Archaeologists Find Bread That Predates Farming by 4,000 Years

One of the stone structures of the Shubayqa 1 site. The fireplace, where the bread was found, is in the middle. (Alexis Pantos)

(CN) – Charred remains of food found in a cave indicates hunter-gatherers knew how to bake bread 14,400 years ago – thousands of years before the advent of agriculture – according to a new study published Monday.

Researchers who excavated a cave in the Middle Eastern nation of Jordan found hundreds of pieces of charred food and flat bread in fireplaces, which would place the findings in the Old Stone Age.

The findings presented researchers a rare glimpse into the food practices of hunter-gatherers nearly 4,000 before the emergence of the agricultural revolution, according to University of Copenhagen archaeobotanist and study author Amaia Arranz Otaegui.

Otaegui said researchers analyzed 24 pieces of food and found ancestors of wild cereals similar to barley, einkorn wheat and oat were ground, sieved and kneaded before being cooked at the Shubayqa 1 site in Jordan.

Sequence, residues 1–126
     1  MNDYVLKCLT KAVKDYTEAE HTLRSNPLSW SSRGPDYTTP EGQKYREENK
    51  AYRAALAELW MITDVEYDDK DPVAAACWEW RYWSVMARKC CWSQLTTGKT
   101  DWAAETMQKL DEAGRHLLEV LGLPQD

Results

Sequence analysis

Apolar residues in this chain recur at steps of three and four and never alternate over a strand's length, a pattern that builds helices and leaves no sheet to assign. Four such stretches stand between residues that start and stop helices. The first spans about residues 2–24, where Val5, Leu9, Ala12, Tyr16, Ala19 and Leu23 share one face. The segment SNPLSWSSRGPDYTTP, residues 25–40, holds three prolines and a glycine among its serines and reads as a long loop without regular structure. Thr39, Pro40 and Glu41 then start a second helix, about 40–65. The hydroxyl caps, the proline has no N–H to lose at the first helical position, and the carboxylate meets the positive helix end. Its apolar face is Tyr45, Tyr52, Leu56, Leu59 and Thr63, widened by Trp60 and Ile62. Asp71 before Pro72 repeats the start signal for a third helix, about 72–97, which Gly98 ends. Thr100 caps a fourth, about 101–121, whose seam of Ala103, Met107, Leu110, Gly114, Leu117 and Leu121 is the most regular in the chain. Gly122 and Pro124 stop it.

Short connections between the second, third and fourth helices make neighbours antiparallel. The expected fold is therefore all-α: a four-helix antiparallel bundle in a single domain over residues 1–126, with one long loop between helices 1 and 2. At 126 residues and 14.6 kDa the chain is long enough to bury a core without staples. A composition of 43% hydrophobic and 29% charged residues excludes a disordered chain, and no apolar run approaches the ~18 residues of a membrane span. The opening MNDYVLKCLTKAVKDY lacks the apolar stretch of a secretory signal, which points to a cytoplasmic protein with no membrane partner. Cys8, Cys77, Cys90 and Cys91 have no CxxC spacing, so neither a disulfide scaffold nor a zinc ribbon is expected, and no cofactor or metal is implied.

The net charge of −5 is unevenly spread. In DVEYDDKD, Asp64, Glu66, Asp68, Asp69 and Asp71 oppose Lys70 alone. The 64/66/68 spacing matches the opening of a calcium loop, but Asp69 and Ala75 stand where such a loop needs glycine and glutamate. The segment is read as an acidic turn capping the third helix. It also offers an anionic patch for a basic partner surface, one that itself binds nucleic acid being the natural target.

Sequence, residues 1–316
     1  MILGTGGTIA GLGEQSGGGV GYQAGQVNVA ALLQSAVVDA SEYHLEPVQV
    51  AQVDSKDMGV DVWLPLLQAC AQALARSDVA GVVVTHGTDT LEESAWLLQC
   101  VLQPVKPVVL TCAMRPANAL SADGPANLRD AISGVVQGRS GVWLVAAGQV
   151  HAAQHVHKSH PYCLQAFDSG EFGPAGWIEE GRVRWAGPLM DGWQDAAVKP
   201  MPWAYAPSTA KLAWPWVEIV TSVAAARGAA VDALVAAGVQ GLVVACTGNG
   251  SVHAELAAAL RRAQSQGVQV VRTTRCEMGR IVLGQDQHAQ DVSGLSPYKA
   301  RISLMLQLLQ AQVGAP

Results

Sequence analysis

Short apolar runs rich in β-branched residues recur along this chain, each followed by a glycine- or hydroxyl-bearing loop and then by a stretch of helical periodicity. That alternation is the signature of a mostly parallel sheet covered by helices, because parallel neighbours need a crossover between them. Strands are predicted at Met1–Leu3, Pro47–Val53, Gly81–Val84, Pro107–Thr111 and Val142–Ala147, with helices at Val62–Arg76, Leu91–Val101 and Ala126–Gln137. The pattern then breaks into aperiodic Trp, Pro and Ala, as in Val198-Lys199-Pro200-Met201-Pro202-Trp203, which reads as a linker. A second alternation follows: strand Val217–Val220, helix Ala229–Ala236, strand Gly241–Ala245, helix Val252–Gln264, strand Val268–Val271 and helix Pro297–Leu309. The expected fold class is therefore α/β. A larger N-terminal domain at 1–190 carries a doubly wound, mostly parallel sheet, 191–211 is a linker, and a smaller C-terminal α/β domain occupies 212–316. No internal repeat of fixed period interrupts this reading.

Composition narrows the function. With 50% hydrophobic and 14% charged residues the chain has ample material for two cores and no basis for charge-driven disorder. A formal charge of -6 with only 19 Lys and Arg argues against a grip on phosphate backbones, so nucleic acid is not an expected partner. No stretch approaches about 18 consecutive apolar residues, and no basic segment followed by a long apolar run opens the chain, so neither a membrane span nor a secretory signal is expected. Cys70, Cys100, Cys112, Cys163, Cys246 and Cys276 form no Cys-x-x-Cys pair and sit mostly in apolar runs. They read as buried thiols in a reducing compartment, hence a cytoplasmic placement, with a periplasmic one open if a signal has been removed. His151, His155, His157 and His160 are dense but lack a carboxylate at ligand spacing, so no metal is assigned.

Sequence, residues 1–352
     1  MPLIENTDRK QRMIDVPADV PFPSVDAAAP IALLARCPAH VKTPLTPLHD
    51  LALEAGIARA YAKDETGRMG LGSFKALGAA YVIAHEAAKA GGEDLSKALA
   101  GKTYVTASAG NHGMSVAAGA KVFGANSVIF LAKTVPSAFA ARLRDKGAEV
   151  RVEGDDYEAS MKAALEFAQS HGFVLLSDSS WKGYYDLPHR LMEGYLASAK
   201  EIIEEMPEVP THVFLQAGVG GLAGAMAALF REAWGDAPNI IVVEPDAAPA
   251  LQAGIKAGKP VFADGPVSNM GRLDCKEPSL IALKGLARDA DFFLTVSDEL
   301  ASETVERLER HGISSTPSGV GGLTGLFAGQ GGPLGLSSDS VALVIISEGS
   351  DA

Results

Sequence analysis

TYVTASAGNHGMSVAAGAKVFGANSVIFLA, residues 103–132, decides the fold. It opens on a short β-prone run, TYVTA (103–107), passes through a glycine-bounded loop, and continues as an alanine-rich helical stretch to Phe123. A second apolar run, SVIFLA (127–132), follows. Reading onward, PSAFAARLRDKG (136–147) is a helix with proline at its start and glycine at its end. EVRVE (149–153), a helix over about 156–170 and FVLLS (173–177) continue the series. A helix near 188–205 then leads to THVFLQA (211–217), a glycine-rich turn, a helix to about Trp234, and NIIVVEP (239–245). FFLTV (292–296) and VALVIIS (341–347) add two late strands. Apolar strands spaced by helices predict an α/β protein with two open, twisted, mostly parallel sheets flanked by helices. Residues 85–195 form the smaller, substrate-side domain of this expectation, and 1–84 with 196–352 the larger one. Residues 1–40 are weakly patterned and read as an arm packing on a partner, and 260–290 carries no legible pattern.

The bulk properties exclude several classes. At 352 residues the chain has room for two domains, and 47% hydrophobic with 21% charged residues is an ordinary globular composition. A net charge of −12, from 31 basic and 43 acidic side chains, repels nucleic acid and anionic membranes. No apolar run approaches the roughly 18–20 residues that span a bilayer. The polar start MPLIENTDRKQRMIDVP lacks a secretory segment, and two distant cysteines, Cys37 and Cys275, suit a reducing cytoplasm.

“The remains are very similar to unleavened flatbreads identified at several Neolithic and Roman sites in Europe and Turkey,” said Otaegui. “So, we now know that bread-like products were produced long before the development of farming.”

Researchers say the flatbread of Shubayqa 1 is the earliest evidence of breadmaking found so far and suggests all the work that went into gathering and preparing the ingredients by the hunter-gatherers 14,400 years ago – before farming practices made those wild cereals readily available – illustrated bread was special.

The results of the study will be published in the journal Proceedings of the National Academy of Sciences.

Researchers include staff from the University of Copenhagen, University College London and University of Cambridge.

Next, researchers will explore if making and eating bread spurred the emergence of plant cultivation, domestication and eventually farming practices.

 

 

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